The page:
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Robert Fogel is an economist and economic historian who has been a pioneer in the application of quantitative methods and economic theory to the measurement of long-term economic change. His work has stimulated and provoked historians, and he has argued for the value of mathematical and quantitative tools in the study of demographic, political, and social history as well as economic history.
Robert William Fogel was born in New York City on July 1, 1926. His parents were refugees from the Russian Revolution. After attending public school in New York, he began his undergraduate studies at Cornell University in electrical engineering. However, his awareness of the problems of unemployment in capitalist economies led him to switch his major to history with a minor in economics. He graduated in 1948, and in the early 1950s he worked as a Communist Party organizer.
In 1956 Fogel began graduate work in economic history at Columbia University, with a particular interest in the great Marxian questions concerning the nature of longterm economic change. He moved to Johns Hopkins University for doctoral research in order to pursue a quantitative approach to the study of economic growth under the direction of Simon Kuznets. He began his teaching career at Johns Hopkins as an instructor in 1958, before taking an appointment as assistant professor at the University of Rochester in 1960. In 1963 he moved to the University of Chicago, and between 1975 and 1981 he taught in Harvard’s Economics Department. He was instrumental in the late 1970s in establishing the Development of the American Economy (DAE) program associated with the National Bureau of Economic Research. In 1981 he returned to the University of Chicago to become the Walgreen Professor of American Institutions and the director of the Center for Population Economics. Fogel’s radical political activity as a young adult presents a striking contrast with the anti-Communist origins of the Walgreen chair. His occupancy of the chair can be interpreted as reflecting both his own movement toward the political center and the latitude the Walgreen family gave the University when the chair was offered to him. In 1993 he was awarded the Nobel Memorial Prize in Economic Sciences (shared with Douglass North) for the development of quantitative and theoretical tools for the study of economic history.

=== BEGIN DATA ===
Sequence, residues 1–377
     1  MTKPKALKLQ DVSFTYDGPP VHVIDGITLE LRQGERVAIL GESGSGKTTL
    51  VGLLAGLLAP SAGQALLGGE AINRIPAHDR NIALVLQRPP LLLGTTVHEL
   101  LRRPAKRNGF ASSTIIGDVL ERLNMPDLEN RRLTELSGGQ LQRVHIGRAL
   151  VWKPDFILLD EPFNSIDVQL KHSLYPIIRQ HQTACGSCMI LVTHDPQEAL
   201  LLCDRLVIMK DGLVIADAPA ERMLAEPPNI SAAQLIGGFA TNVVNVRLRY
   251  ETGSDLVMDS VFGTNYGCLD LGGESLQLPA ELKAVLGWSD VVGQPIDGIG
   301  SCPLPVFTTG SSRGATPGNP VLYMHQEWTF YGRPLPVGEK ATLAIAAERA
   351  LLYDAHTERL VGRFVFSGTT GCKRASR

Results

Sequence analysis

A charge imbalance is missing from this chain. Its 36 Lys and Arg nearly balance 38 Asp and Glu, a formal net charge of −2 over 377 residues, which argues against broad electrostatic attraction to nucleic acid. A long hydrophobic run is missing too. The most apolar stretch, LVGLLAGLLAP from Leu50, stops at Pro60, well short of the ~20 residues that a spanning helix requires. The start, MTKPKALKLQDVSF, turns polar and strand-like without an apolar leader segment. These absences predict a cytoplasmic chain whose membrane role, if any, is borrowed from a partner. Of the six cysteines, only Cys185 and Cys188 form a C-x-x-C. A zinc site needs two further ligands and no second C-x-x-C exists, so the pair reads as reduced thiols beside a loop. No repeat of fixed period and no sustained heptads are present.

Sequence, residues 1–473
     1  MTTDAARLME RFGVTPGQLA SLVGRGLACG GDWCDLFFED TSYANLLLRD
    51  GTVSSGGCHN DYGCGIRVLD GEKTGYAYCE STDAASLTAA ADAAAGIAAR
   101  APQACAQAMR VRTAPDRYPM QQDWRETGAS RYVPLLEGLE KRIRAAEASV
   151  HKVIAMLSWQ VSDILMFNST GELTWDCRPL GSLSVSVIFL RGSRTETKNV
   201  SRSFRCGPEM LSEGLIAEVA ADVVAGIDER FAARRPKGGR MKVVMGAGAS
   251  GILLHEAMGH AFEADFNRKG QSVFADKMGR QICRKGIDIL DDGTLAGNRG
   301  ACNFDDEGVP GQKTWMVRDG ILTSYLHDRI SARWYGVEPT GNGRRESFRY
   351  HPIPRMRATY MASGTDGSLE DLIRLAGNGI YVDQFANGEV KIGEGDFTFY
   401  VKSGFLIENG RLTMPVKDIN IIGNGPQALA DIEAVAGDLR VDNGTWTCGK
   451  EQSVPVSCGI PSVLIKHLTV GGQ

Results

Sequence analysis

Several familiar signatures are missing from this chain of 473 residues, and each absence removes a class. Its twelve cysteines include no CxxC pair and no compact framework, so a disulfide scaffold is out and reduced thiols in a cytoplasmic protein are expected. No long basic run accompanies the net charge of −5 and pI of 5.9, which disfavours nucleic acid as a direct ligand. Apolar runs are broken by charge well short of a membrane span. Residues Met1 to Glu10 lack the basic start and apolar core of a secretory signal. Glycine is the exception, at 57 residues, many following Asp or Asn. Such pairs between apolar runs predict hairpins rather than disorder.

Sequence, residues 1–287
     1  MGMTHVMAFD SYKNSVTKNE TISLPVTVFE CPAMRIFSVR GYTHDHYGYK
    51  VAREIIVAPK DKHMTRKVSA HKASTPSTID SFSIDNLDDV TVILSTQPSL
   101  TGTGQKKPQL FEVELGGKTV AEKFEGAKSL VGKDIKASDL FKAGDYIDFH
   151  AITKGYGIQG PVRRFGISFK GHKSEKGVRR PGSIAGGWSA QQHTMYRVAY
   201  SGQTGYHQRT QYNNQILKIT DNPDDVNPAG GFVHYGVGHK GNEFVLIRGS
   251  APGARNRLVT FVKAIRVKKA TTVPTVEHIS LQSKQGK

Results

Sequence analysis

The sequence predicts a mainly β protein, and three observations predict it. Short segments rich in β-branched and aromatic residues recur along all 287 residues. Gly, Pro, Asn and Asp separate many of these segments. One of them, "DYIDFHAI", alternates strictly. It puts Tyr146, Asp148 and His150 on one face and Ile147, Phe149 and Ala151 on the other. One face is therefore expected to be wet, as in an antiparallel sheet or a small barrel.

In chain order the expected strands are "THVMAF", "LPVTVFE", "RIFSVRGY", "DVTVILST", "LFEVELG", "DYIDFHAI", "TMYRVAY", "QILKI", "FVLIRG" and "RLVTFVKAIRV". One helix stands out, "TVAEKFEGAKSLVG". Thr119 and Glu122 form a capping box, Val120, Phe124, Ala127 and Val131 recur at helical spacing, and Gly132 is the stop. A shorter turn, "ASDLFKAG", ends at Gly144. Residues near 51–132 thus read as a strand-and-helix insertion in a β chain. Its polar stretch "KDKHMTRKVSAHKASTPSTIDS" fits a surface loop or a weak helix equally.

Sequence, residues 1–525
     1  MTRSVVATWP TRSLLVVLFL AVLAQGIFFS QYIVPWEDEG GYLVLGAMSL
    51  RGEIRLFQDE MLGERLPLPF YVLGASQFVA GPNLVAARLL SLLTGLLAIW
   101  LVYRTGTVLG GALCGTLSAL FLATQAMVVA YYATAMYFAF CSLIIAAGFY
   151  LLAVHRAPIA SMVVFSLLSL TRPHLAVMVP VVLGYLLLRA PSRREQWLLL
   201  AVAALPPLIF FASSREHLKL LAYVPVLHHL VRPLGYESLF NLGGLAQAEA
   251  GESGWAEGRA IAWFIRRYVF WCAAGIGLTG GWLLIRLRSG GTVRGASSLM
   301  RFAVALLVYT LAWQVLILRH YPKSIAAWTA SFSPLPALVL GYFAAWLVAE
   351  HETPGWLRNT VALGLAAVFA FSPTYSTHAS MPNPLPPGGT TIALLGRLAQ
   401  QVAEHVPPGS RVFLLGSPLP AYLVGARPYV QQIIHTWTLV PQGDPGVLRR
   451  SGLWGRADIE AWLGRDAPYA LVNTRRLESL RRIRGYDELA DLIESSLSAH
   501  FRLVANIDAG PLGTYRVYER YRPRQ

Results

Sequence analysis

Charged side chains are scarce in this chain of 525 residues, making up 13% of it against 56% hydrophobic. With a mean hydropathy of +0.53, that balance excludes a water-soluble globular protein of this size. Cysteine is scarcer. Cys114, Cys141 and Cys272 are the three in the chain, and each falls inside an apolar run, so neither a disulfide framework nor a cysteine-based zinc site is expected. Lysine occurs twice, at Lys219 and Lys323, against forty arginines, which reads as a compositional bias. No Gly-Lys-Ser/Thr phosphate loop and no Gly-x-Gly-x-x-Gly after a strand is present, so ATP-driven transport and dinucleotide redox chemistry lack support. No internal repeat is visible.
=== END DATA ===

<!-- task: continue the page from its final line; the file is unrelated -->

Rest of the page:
Fogel’s early work focused on the determinants of American economic growth. His doctoral dissertation, and the subsequent book Railroads and American Economic Growth: Essays in Econometric History (1964), challenged the prevailing view that the railroad had a decisive influence on the growth of the American economy. He calculated how much higher the costs would have been to the U.S. economy in 1890 of providing the same level of transportation services with alternative modes of water and land transportation. Fogel’s counterfactual methodology proposed a hypothetical canal system that would have been built in the absence of railroads. His estimated “social saving” of the railroad was less than 5 percent of 1890 U.S. gross national product. Fogel’s findings spawned numerous challenges by other scholars. Fogel responded by arguing that, for the case of the United States, any plausible allowance for factors raised by critics (such as scale effects and problems of measuring freight rates on rail versus water traffic) would still imply a modest rather than indispensable contribution to economic growth. However, Fogel also acknowledged that for other economies—such as Mexico, with its more limited access to water transport—the impact of the railroad on growth may well have been substantially larger. His counterfactual methodology generated considerable controversy among historians, with some stating that it was fundamentally ahistorical and fictive. Fogel replied that an analytical and causal approach to economic history inevitably requires the posing of counterfactual questions.